Different Types of Probation

Types of probation

The legal system is like a living organism, always morphing and changing according to the political climate, social science, and public finances. In recent decades the pendulum of justice has moved from heavy-handed incarceration (prison terms) to a more nuanced, socially conscious use of safety nets. That means that instead of sending people to prison for non-violent offenses as happened following the 1980’s “tough on crime” era, people are more likely to get supervised release with court-mandated programs to treat the underlying causes of their criminal behavior, such as drug use, poverty, family, and mental health issues.
Probation has been part of the court system since the 1890s in some states, with a federal program of probation introduced in the 1920s.

What is Probation?

When a judge or magistrate determines that a person charged with a crime is a first-time nonviolent offender and/or has the potential to be redeemed, the individual may be offered probation rather than a jail or prison sentence. Probation is usually a supervised, court-mandated alternative to incarceration. There are several types of probation with different levels of supervision and/or court involvement. Each requires a form of tracking or checking in to create a probation record for proof that the sentence has been satisfied. If a person does not complete the court-mandated requirements of probation the court may decide to extend the sentence until the conditions have been met or they may be sent to jail for the remainder of the sentence.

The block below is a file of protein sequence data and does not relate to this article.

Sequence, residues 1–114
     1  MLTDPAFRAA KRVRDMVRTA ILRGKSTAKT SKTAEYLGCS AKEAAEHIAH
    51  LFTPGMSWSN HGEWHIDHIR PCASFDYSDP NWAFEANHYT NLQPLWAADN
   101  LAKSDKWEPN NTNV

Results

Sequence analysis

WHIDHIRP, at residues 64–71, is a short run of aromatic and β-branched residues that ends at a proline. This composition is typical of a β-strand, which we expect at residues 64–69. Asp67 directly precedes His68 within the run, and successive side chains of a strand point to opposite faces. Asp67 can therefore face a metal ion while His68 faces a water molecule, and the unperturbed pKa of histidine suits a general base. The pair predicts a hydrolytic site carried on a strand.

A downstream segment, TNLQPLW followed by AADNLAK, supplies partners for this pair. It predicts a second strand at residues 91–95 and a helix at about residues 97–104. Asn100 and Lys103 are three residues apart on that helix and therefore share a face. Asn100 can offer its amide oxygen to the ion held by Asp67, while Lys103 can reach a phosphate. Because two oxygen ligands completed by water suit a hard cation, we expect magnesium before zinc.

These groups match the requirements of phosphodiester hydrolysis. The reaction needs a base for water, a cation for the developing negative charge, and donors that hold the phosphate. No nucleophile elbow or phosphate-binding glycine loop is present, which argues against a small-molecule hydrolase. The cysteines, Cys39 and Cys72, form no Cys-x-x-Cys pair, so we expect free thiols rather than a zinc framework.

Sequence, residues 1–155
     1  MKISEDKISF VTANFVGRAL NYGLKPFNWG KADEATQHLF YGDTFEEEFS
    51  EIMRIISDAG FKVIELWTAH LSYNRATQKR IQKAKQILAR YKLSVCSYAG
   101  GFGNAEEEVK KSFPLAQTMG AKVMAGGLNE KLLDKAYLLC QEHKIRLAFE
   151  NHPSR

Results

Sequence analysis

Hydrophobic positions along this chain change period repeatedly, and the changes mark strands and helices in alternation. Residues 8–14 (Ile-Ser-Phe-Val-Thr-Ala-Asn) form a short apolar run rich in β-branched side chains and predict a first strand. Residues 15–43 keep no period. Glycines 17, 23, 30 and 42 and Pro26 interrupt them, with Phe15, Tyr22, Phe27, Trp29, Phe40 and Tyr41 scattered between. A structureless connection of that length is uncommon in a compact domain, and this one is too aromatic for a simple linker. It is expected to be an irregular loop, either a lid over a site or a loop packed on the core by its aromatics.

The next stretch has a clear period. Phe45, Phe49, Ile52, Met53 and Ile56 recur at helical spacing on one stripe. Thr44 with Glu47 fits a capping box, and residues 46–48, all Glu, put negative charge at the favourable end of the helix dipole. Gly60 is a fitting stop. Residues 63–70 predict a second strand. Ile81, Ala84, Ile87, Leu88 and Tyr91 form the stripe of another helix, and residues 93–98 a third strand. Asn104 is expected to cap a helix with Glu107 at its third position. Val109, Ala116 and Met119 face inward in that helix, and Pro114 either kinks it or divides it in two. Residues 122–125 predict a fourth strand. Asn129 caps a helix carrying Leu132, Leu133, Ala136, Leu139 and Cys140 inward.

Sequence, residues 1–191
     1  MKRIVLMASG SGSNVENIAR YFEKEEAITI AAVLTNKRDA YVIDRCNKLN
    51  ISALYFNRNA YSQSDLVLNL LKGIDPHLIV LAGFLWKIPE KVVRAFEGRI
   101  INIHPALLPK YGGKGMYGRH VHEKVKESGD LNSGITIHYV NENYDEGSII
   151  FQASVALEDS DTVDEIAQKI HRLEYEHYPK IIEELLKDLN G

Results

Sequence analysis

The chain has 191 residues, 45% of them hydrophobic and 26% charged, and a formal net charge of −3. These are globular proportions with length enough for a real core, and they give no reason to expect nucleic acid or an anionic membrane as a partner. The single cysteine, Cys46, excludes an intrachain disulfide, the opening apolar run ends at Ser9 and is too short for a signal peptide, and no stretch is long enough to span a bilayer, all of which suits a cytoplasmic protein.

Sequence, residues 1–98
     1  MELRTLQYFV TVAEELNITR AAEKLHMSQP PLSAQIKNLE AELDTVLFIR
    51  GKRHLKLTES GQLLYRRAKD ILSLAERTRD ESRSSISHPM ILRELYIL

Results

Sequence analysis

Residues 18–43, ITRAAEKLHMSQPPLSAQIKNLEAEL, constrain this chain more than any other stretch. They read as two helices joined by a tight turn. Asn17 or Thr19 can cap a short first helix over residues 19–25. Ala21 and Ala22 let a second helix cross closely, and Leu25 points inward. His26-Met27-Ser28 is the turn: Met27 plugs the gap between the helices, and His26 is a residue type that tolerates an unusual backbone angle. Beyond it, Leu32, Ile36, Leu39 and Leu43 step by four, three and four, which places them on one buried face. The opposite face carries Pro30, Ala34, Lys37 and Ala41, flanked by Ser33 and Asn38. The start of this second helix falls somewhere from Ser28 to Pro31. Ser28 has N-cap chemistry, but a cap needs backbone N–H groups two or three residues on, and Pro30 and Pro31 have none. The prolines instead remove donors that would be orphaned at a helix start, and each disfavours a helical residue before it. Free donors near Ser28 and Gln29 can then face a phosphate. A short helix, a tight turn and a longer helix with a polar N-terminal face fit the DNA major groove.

The basic similarities of all types of probation include:

  • a requirement that the individual stay out of trouble during their probationary period
  • that all requirements of the probation sentence be completed
  • that the person stay within a specific area 
  • that the person checks in regularly with their probation officer
  • that the person holds a regular job
  • that the person continues their education
  •  an agreement to waive Fourth Amendment rights, allowing law enforcement or court officers to search the person’s home when necessary.

Types of Probation

Monitoring bracelet is commonly used in probation